Haddonfield resident Ann Baldwin outlines her thoughts regarding the Haddonfield election on May 9.
After a thoroughly exhausting election year and considering the ongoing intense partisanship in Washington, it would be tempting to tune out of politics entirely. Despite this, I would urge Haddonfield residents to make another small push and vote in the local commissioner election on May 9, which is, in fact, a race for our next mayor.
Three candidates — the current commissioners — are running for three positions; therefore each will retain his seat. However, the candidate who garners the most votes typically is appointed Haddonfield’s mayor.
You may vote for one, two or three candidates. If you vote for one, you are essentially voting for mayor. While the role of the mayor may seem primarily ceremonial, our next mayor will be the one to negotiate with any developer who has an eye on the long-debated Bancroft parcel. The Mayor also has greater ability to determine the general direction of the town and has the most visibility with the media. I will cast only one vote on May 9, and it will be for John Moscatelli.
Residents interested in the direction of the town over the next four years would be wise to see for themselves. A brief visit to the websites of the mayoral candidates shows a clear contrast between the three.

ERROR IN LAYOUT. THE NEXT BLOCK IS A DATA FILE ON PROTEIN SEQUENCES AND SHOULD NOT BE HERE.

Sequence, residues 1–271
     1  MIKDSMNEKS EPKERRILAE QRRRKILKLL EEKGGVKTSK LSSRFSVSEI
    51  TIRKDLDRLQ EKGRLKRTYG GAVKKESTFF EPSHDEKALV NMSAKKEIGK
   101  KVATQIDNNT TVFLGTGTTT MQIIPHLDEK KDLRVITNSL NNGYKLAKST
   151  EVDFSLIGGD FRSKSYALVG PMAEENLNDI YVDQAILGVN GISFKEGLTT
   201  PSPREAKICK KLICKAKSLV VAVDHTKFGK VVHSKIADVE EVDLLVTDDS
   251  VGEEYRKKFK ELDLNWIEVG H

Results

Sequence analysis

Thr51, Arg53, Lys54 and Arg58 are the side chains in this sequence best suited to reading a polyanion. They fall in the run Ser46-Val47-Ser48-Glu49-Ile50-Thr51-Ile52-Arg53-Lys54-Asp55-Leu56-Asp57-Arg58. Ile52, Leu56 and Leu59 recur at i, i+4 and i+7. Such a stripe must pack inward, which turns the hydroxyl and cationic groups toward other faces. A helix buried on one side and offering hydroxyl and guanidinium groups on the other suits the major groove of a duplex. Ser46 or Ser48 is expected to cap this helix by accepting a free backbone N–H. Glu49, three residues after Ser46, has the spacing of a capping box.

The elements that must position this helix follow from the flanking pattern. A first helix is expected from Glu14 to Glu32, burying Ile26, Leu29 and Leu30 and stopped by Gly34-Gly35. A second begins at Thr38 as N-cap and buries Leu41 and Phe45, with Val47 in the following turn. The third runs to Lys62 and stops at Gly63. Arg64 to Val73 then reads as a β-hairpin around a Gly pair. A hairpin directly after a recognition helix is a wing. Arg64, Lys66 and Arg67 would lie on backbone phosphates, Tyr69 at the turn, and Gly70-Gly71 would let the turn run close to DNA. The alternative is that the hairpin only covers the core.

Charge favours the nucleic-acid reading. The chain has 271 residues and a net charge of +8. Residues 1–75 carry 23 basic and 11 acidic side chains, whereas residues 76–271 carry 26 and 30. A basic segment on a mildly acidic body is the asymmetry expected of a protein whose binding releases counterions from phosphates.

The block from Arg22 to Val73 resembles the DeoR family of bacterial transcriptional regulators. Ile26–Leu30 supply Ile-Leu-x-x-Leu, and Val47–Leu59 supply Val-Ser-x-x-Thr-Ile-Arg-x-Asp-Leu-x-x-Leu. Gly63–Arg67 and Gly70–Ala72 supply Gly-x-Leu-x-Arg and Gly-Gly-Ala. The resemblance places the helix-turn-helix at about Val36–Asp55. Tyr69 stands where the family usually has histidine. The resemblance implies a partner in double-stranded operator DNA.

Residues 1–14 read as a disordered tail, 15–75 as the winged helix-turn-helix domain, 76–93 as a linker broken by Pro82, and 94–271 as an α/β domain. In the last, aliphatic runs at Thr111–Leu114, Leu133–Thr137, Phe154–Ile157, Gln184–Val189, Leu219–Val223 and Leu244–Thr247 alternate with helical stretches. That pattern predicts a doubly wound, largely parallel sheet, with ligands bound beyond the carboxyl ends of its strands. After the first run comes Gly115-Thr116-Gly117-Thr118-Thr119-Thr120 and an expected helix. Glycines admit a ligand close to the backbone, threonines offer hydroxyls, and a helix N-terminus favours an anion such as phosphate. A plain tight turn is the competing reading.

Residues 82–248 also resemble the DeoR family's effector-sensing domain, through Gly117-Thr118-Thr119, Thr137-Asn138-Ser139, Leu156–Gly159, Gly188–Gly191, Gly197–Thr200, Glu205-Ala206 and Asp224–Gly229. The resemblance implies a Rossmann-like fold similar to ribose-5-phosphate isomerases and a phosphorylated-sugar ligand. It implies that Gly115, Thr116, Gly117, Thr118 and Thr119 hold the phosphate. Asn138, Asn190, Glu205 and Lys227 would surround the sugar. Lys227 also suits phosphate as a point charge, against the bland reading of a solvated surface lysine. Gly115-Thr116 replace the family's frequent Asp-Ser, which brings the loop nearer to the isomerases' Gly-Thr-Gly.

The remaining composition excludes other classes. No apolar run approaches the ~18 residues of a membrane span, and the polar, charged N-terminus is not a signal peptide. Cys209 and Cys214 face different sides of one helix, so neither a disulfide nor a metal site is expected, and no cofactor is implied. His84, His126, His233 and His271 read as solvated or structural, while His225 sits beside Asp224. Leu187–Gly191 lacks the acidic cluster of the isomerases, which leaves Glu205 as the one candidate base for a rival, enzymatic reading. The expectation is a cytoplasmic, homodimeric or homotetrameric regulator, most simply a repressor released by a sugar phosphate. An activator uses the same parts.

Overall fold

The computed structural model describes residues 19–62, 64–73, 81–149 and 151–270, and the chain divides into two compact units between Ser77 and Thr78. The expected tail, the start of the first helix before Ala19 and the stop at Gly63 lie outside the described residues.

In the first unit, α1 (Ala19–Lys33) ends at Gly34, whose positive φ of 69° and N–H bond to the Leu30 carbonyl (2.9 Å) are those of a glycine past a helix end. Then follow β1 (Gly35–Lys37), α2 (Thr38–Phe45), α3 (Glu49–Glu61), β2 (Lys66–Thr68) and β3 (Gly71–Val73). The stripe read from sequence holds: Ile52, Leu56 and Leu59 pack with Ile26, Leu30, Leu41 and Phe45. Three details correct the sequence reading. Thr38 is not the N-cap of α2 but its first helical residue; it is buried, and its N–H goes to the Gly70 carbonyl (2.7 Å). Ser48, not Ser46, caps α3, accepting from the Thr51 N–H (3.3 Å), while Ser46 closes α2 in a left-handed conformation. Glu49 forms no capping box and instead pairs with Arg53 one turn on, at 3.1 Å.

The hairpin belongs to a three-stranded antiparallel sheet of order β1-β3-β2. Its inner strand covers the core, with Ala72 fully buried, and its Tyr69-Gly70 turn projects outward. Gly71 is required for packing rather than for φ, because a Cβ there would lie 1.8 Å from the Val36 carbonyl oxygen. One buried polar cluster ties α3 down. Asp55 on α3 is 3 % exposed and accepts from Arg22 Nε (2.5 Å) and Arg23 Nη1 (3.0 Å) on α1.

It is obvious the many recent improvements throughout town are in Commissioner Moscatelli’s column including: the surge in repairs to our beleaguered water and sewer system; the visible boost in pace of road replacements, the most notable of which was the Grove Street reconstruction; the long-awaited renovations to our public library; new lights on some of our athletic fields; new solar-powered trash cans/compactors around town including in front of Gracie’s Ice Cream Parlor.
Moscatelli has formed a special committee tasked with changing ordinances to address residents’ concerns about new development (runoff, building height, damage to tax-funded infrastructure). Despite all these improvements, our borough taxes have barely budged — only school taxes have dramatically increased.
The borough’s agenda should be primarily focused on improving local infrastructure, protecting public safety and ensuring developers are respectful of the community without substantially raising taxes. The town still has a long way to go on infrastructure improvements and constraints on developers and the Bancroft question is far from settled.
This is a race for our next Mayor, so please remember to vote on May 9. Please consider casting only one vote for the person with the track record and qualifications for moving the town forward, Commissioner Moscatelli.